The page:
Sections 80 and 120 of the Nigerian Constitution 1999 expressly require that there shall be a single revenue fund. Some of the lawyers among us have gone into hair-splitting disquisitions about it being a reference to a “fund” and not an “account”. That is what lawyers are paid to do. No wonder, Bonaparte wanted as few of them as he could manage in his royal courts in late eighteenth and early nineteenth century France! He also insisted that the best constitutions should be “short and vague” to give every ruler with a creative mind enough latitude to do as he pleases in order to advance the interest of the state.
For constitutional as well as for reasons of order and good form, I believe the single account is a good idea. It is in fact something we should have done decades ago. But better late than never. There is no stopping an idea whose time has come, if I may echo the great nineteenth century French novelist Victor Hugo. Buhari never promised anyone that he would ascend the High Magistracy of our republic only to organise a wining and dining spree with friends and family. He neither drinks nor smokes nor womanises. He is a good Muslim. Three times he warned that he would come to the presidency with a broom. We obliged him on the fourth attempt. Why are now whining and crying wolf when the leopard appears with its spots doing what leopards are wont to do?
What are the benefits of the single treasury account? I have had a fantastic international finance and development career that has enabled me to visit over 100 countries in all the five continents of the world. I know that countries as wide apart as New Zealand, the Philippines, Chile, Moldova and Uganda have migrated to a single account, with good effect. In all my missions to various countries I have made it a point to inquire how countries manage their public finances.
In my private studies of ancient civilisations from Pharaonic Egypt to classical Greece and Rome, I have made it one of my principal intellectual tasks to find out how states managed their finances and monetary system. I was surprised to find out that the great Roman Empire eventually collapsed mainly because they could not balance their accounting books. There are several other theories for the decline and fall of the Roman Empire, ranging from the barbarian invasion to internal moral decadence of the elites, to even the use of hazardous lead pipes in their public water works. Edward Gibbon, the eminent Enlightenment English historian, singles out the rise of the new Christian religion as spelling the death-knell of Rome.
As a public finance financial specialist, I would weight the problem of poor financial management linked to the folly of imperial overstretch as the one most important factor accounting for the collapse of the august Roman Empire.
Our American friends, with their Invisible Empire, like the Bourbons of old, have learned nothing and forgotten nothing. The domestic debt currently stands at a staggering $18 trillion, amounting to 101 percent of GDP. Among the cognoscenti of international high finance, it is an open secret that the almighty dollar is holding sway only by virtue of America’s brand name and the sheer weight of its nuclear military-industrial machinery and global unipolar hegemony. Sooner or later, something will have to give.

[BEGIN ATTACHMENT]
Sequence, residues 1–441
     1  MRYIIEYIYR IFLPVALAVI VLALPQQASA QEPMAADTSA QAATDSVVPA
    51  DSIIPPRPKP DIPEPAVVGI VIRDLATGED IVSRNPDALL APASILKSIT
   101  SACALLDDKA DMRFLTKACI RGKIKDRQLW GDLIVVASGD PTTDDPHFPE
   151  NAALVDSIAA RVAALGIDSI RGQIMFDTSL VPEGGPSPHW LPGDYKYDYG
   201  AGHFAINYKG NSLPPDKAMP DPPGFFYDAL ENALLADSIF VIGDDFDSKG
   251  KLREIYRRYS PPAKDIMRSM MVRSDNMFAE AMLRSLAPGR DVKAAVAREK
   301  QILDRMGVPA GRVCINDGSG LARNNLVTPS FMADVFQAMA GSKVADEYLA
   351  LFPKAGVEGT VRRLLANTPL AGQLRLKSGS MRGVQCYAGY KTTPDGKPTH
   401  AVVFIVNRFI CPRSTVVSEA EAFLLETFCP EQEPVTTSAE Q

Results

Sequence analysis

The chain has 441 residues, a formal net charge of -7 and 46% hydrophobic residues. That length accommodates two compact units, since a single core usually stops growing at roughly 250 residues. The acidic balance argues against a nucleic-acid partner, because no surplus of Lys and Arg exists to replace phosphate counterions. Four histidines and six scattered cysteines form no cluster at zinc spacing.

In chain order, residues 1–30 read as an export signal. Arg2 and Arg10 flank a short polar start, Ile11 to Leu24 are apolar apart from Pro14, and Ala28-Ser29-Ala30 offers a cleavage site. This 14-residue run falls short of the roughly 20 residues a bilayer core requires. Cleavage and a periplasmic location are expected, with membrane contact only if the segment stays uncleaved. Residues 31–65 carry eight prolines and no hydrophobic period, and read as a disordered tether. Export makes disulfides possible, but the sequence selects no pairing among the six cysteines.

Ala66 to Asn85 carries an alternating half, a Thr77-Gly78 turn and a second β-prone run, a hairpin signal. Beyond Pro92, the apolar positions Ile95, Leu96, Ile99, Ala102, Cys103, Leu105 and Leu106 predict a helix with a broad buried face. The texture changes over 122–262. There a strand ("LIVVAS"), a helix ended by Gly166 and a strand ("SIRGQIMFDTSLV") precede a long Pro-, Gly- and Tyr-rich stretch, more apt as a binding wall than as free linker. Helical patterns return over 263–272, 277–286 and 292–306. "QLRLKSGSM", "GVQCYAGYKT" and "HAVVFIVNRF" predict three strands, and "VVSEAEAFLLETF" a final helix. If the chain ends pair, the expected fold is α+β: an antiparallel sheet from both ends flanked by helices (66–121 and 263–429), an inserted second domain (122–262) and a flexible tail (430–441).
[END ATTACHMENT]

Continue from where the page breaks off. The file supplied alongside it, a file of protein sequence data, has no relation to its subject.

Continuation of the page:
If Nigeria is to avoid these pitfalls as we seek to build a first-rate industrial-technological state; and as we seek to reengineer the prosperity of all our people – North, South, East and West – it is incumbent on us to restructure our public finances to block the loopholes that encourage rent-seeking and ruinous haemorrhage. Government must be run with prudence and we must take every step to balance the books. One of my greatest heroes since my growing years, Obafemi Awolowo, minus the irritating deification about him, was extremely meticulous about public finance to the point that we executed the civil war without borrowing a dime from the international financial markets. The remarkable post-war reconstruction was also implemented without recourse to foreign borrowing.
I pine for those good old days when the wisdom of our government was led by men of the Order of Joseph and Daniel in whom dwelt an excellent spirit. I am convinced the TSA promises to take us on the path to those solutions, quite apart from ensuring lower cost of borrowing by government, ensuring monitoring and providing for fungibility of scarce resources.
I have two worries, though. The first is that I doubt if my highly able colleagues in CBN are ready to take on such a heavy task. More needs to be done by way of human resources recruitment, training and re-orientation. The real time gross settlement system (RGTS) will need to be strengthened in addition to building other technology platforms for smaller amount settlements. They will also need to set up ledger systems for various sub-accounts that will have to be operated. Efforts will also have to be made to bring the second and third tiers of government on board. Systems, people and technology will have to be synchronised so that the orchestra will produce the music we want to hear.
My second worry is the Treasury. Most single accounts are meant to be joint operations between the Ministry of Finance, the Treasury, and the central monetary authority which operates the account. The Treasury in Britain, under the Chancellor of the Exchequer, has over 300 of some of the most brilliant economists in the country. In Japan, the brightest minds in the country are not necessarily in the universities or the banks. They start their careers in the Japanese Finance Ministry and Treasury. Ditto for France, where the Inspecteurs des Finance hold are recruited from the brightest kids of the elite École national d’administration. It’s not a dog’s breakfast. These are extremely clever people who work assiduously in dissecting the economic challenges of their countries while monitoring the budget, ensuring financial prudence and rigorously implementing projects and programmes. Does our Finance Ministry possess such a brains trust? Hardly.